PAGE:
On Wednesday, St Stephen’s College declared its cut-off list for the general category. And with this, it also created history of sorts.
The college — which is the oldest in the Capital — recorded the highest increase ever in the qualifying marks for several courses.
Interviews begin on June 20.
Shockingly, this year the cut-off percentage for courses such as BA Programme, History (Honours) and Philosophy (Honours) shot up by as much as seven to nine per cent for students humanities stream.
This is in sharp contrast to last year’s trend, where cut-offs had risen by 0.5 to 2 per cent across all subjects.
What’s interesting is that none of the above three is among the most sought-after courses of the college. In fact, Economics (Honours), which has received the maximum number of applications this year, has registered an increase of one to 1.25 per cent for the science, commerce and humanities streams.
“The marks scored by students this year are shockingly good. We had no choice but to peg the cut-off this high. In most courses, the increase in qualifying marks is the highest ever,” said Nandita Narain, tutor for admissions.
This year, the cut-offs were expected to go up as there the college registered a 40 per cent increase in the number of applications received and a large number of candidates have an aggregate of over 95 per cent.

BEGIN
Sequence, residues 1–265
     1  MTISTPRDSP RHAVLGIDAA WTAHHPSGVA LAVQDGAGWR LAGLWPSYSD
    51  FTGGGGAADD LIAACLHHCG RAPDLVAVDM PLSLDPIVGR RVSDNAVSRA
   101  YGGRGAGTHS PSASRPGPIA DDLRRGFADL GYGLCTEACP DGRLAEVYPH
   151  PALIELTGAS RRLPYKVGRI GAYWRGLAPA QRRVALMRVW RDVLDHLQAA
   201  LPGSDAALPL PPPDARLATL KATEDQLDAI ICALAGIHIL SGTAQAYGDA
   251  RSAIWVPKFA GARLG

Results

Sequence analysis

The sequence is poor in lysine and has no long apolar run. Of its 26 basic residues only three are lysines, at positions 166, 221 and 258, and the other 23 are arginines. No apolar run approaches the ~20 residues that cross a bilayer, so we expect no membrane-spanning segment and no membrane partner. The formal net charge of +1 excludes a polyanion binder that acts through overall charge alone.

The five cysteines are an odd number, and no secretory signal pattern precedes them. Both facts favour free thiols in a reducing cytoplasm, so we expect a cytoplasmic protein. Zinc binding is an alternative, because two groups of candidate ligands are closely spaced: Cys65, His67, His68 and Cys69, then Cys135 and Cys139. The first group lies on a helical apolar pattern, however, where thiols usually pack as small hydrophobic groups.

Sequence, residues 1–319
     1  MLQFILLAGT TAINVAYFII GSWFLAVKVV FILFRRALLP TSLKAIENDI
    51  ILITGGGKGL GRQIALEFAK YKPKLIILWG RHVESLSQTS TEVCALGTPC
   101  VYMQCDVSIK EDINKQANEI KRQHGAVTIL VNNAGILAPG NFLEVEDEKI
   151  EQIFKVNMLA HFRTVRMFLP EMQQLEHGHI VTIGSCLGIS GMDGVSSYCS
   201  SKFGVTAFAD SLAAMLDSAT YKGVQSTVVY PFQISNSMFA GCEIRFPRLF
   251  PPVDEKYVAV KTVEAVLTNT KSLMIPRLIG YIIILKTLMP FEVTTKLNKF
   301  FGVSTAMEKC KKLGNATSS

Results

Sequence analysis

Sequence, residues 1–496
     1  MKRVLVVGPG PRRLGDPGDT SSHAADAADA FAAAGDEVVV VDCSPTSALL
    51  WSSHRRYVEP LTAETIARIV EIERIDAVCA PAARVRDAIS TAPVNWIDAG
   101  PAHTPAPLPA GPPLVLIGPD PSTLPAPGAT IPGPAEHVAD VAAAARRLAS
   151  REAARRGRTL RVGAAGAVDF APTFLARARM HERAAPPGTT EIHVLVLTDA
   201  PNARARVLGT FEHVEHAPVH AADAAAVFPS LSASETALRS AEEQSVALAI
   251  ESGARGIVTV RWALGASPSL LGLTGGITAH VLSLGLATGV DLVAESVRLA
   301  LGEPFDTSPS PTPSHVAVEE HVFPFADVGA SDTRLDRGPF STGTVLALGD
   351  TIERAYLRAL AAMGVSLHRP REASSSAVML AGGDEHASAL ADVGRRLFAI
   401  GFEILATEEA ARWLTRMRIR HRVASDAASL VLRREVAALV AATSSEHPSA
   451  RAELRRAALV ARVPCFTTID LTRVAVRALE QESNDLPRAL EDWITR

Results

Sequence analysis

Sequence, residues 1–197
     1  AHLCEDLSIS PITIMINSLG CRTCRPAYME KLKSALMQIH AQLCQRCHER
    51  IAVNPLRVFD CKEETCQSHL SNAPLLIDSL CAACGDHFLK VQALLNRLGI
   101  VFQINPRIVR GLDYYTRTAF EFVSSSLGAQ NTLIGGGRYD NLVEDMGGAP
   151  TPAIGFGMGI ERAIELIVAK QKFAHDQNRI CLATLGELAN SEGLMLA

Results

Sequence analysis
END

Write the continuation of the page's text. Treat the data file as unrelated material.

“The sharp rise could also be attributed to the fact that this year we’re calling lesser students for interview for all the humanities courses. Till last year we called six students for each seat. This time, four candidates will be interviewed for one seat,” said Rohit Wanchoo, head, history department.
The trend at St Stephen’s College could be an indicator of what’s to come as far as other top Delhi University institutions are concerned.
Though cut-offs may not increase as insanely as it has at St Stephen’s, but they could be higher than last year’s.
“A cursory glance at the college applications indicates that the qualifying percentage this year will probably be higher.
As far as economics is concerned, Hansraj could be in the same league as St Stephen’s,” Anand Mittal, admission incharge, Economics, Hansraj College.
Yes, an increase is likely but not as high as seven per cent as seen in Stephen’s ,” said Shankar Kumar, teacher-in-charge, history, Hindu College.
At St Stephen’s, English (Honours) — second in line in terms of popularity — is the only course that reflected a one per cent drop in the qualifying marks for the commerce stream students.
Commerce students need to have 97 per cent in the best of four and humanities 92.5 per cent to qualify for the interview. For science students, the cut-off is 96 per cent.